Amazon Workers Stage First UK Walkout

Amazon Coventry UK facility feature

Inside Amazon facility in Coventry, UK (credit: Coventry Telegraph)

While Amazon has been able to stay ahead of growing efforts at labor organizing in the U.S., at least for the time being, union workers at an Amazon facility in the UK midlands have walked off the job in protest over pay, a first in the country, according to several media reports.

The GMB union there told Reuters that 300 of its 350 members at the Amazon facility in Coventry, near Birmingham, staged a 24-hour walkout on Wednesday, citing pay and long hours as their key grievances. The fulfillment center employs 1,000.

Amazon has boosted its starting pay to be ahead of most in the ecommerce fulfillment sector, but workers are often still dissatisfied based on the rigor of the jobs performed to keep orders flying out the door. They also complain about injury rates and the high-tech monitoring of workers, the same issues raised by Amazon workers here.

“These workers are having to work incredibly long shifts, just to try and make ends meet, just to try and feed their families,” GMB representative Stuart Richards told Reuters. “We’ve got to be better than that.” Workers also said “robots are treated better” than they are.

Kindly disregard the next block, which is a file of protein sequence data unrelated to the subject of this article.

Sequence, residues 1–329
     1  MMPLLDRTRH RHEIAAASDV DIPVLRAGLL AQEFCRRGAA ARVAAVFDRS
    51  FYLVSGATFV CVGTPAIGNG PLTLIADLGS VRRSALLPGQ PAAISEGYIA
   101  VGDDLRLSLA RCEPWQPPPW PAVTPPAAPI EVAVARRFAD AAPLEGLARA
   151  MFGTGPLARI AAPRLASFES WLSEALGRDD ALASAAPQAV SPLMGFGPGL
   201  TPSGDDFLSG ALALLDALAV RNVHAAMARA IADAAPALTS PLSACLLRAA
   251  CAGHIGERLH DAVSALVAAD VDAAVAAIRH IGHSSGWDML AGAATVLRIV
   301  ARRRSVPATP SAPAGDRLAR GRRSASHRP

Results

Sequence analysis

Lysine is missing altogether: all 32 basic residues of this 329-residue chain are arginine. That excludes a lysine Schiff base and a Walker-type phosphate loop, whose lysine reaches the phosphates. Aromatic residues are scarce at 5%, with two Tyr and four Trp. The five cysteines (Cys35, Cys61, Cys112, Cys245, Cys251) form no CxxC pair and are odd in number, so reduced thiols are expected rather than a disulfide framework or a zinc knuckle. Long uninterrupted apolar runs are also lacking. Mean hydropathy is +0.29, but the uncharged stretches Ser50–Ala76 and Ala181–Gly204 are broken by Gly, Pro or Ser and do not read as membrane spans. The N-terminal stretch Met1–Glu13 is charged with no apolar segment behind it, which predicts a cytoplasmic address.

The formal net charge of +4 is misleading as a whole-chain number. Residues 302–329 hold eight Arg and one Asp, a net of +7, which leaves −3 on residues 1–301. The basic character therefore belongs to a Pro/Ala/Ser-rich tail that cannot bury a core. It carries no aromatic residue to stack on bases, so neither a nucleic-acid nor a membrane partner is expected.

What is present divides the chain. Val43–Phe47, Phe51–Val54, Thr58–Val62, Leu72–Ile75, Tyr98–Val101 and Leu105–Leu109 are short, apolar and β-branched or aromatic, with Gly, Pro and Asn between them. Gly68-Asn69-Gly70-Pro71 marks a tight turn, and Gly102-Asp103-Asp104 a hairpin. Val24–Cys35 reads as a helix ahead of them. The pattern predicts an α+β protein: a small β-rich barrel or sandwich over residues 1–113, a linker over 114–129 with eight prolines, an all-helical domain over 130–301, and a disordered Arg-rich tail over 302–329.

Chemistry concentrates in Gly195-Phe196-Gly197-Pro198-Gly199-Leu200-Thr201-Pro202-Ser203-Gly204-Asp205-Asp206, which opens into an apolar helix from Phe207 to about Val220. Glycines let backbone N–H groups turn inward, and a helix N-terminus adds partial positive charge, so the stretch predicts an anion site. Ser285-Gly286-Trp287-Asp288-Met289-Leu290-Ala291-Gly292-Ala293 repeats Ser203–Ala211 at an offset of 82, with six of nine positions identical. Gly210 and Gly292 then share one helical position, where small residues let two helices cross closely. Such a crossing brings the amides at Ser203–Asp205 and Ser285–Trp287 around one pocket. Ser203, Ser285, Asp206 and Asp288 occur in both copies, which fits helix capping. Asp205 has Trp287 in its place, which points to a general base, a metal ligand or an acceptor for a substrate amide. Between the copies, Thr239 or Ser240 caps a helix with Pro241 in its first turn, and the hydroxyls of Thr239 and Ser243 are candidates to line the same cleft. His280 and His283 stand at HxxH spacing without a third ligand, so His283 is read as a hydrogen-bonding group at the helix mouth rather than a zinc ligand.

Union members said an hourly increase of 50 pence (56 cents) last summer was insufficient and failed to keep pace with inflation, CNBC reported. They’re seeking a minimum of £15 per hour or $18.51 at today’s exchange rate.

Two weeks ago, Amazon lost a labor battle when a federal regulator ruled against its petition to have a successful union vote at a Staten Island, NY fulfillment center decertified due to what it alleges were improprieties and government favoritism. That FC, the birthplace of the Amazon Workers Union, has become a particular hotspot and thorn in Amazon’s side.

The union challenges come at a particularly unfortunate time for Amazon, which has reported some rough quarterly numbers in the recent past and is in the midst of laying off 18,000 in the U.S., mostly office personnel, as are many tech firms.